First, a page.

The most sensational actress of the 1860s

Adahmenken19Adah Isaacs Menken (at right, in her teens) was never considered a great actress.

But she sure was a colorful one, hanging out with Walt Whitman, Ada Clare, and other bohemians at Pfaff’s saloon on Broadway and Bleecker Street and earning notoriety in a tawdry play that required her to appear naked on a horse.

She spun many tales about her origins, but Adah may have been born Ada Berthe Theodore to mixed-race parents in New Orleans in 1835, according to Rebel Souls, Justin Martin’s wonderful book chronicling New York’s 19th century bohemian crowd.

To support her family, she became a New Orleans chorus girl, then joined a traveling circus.

After a few marriages, some theater work, and a conversion to Judaism, she arrived in Manhattan, taking roles at the Chatham Theater and working at the Canterbury Concert Saloon on Broadway in today’s Noho.


She was fearless, sensual, acrobatic, and gorgeous—all of which helped her land her big break: the lead in Mazeppa (above), a play based on a Byron poem about a 17th century Cossack.

Menken would play the title role, requiring her to wear a body stocking for a pivotal nude scene during which she was strapped to the side of a horse.

Adahmenken1855“The audience was shocked—scandalized—horrified—and delighted!” states one source.

A huge hit, Mazeppa toured the nation before landing on Broadway in 1866 at Wood’s Theater at 514 Broadway.

Adah never abandoned her literary aspirations, publishing a book of poems in 1868 dedicated to Charles Dickens.

“Although world-renown because of her appearance in Mazeppa, Menken’s deepest desire was to be known as a serious poet,” states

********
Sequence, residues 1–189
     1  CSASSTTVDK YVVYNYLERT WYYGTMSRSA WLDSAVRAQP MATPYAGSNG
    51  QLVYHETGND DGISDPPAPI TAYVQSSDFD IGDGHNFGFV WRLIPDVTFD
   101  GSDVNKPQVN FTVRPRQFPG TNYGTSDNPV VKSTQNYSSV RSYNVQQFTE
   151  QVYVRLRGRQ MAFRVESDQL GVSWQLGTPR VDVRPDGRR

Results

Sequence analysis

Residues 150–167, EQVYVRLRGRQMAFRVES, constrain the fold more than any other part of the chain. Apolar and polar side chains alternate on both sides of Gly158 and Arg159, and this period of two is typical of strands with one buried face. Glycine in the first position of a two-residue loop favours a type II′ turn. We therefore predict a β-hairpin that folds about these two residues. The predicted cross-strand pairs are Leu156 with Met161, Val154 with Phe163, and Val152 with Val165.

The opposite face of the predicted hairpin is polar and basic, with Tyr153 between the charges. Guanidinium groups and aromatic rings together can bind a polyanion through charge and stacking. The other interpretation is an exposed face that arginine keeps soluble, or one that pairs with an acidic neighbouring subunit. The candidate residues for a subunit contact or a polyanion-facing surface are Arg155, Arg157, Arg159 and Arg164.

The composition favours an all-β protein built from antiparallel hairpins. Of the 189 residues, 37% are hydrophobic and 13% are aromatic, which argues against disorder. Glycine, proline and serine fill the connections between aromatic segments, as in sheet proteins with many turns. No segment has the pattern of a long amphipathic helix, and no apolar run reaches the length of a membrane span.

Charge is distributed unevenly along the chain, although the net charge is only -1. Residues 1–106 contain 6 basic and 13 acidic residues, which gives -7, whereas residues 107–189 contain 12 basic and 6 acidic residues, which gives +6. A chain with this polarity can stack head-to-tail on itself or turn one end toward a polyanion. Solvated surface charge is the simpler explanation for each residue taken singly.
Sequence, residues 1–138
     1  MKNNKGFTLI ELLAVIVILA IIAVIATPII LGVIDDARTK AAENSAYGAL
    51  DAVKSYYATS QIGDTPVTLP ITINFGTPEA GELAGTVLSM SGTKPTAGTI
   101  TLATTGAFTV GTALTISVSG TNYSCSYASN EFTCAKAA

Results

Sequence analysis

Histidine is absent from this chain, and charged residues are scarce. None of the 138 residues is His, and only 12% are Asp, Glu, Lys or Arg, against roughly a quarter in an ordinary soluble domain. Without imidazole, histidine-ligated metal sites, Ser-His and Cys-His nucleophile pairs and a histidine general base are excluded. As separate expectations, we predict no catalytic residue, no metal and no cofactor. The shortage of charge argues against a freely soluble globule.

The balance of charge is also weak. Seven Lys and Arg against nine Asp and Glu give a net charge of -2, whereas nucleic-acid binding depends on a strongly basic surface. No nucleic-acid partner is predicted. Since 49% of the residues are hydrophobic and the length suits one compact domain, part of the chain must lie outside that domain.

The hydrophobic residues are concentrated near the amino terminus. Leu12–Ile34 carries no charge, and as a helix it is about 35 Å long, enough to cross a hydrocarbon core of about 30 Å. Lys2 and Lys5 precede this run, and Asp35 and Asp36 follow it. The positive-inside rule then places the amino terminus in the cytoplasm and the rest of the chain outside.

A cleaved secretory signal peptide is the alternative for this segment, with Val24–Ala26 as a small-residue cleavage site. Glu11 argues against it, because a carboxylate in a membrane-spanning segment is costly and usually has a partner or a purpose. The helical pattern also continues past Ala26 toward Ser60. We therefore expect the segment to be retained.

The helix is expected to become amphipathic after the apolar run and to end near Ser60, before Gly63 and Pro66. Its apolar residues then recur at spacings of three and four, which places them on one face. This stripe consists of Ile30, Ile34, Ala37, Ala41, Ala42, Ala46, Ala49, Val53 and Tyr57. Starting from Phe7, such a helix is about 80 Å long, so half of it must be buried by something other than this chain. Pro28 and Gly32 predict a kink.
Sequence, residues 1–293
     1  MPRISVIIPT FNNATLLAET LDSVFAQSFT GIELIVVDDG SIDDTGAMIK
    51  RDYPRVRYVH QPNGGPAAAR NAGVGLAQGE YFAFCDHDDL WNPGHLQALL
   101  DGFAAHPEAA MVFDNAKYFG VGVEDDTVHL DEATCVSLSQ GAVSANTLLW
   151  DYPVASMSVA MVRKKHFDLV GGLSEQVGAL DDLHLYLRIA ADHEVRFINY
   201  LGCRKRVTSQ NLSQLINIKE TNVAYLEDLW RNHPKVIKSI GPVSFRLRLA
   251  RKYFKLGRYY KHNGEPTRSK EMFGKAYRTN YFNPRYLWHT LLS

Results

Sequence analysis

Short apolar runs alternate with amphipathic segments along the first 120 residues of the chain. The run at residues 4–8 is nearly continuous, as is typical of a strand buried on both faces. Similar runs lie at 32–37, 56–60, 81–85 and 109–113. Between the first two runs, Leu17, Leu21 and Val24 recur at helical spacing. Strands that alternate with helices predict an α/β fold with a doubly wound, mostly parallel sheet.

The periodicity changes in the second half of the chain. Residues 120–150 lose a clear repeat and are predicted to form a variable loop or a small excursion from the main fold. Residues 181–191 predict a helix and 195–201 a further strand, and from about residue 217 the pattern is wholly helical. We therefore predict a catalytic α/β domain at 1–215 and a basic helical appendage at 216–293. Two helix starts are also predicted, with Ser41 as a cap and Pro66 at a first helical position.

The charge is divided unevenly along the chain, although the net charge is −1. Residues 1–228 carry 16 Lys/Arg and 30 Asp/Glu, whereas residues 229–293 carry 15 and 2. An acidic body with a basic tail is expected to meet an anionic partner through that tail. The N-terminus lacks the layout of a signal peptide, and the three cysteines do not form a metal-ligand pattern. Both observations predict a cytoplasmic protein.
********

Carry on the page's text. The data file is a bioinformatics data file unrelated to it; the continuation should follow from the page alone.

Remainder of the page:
She maintained her friendship with Whitman and the Pfaff’s crowd and also became close to Dickens, Dante Gabriel Rossetti, Alexandre Dumas, and Algernon Swinburne.


Adah was a sensation during her life, but she died young, succumbing to tuberculosis and peritonitis in Paris in 1868.

[Bottom photo by Napoleon Sarony]

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4 Responses to “The most sensational actress of the 1860s”

  1. Bella Stander Says:

    Great post, as always. Now I understand the lyric in “You Gotta Get a Gimmick” from GYPSY: “Once I was a schleppa/ now I”m Miss Mazeppa/ with my revolution in dance.”

  2. ephemeralnewyork Says:

    Thank you, and any verse that rhymes Mazeppa with schleppa is brilliant.

  3. Audrey Burtrum-Stanley Says:

    There are folks in Arkansas who claim this woman was born here in 1835. Her heritage most likely included a Father who was Indian (Native-American) and her Mother was French. Naturally, to spice up her resume’, a variety of tales have been told including name changes, so no one truly knows. Ahhhh, Adah’s mystery entices…

    The woman seems to have transformed herself into whatever job opening was available or popular at the time. She wed and divorced several times during an era when the mere suggestion of such action was a scandal. Adah was savvy – the scandal paid off! Along the way, she birthed a son who died – was declared a bigamist – performed in blackface – and occasionally portrayed a man on stage in a sort of ‘Victor – Victoria’ type of production.

    At one time she toured the Vaudeville curcuit sharing billing with her then paramour, The Great Blondini, (the gentleman who crossed Niagra Falls on a tightrope.)

    The role of ‘Mezeppa’ (which was orig. played by a man) seems to have been a perfect fit (a ‘tongue-in-cheek’ statement) as Adah performed in a flesh-colored bodysuit described as: ‘pink tights’. This daring wardrobe proved to be a magnet in drawing big crowds to her performances. This role of Mezeppa became so popular, even Currier & Ives did prints of a ‘nekkid person (male / female) being bound onto the back of a hearty steed.’ Adah was popular across the United States and eventually traveled to Europe. There she became the object-of-great-affection for Bret Harte, Joaquin Miller, Alexandre Dumas and possibly even Charles Dickens, when he was not out on the lecture circuit himself.

    Her health failed while she was still young and poverty soon followed. Quickly, Adah published a book of poetry to stir some income. Alas, she died 8 days prior to the book’s release at the age of just 37. Everyone’s darling Adah fills a grave in Paris, France.

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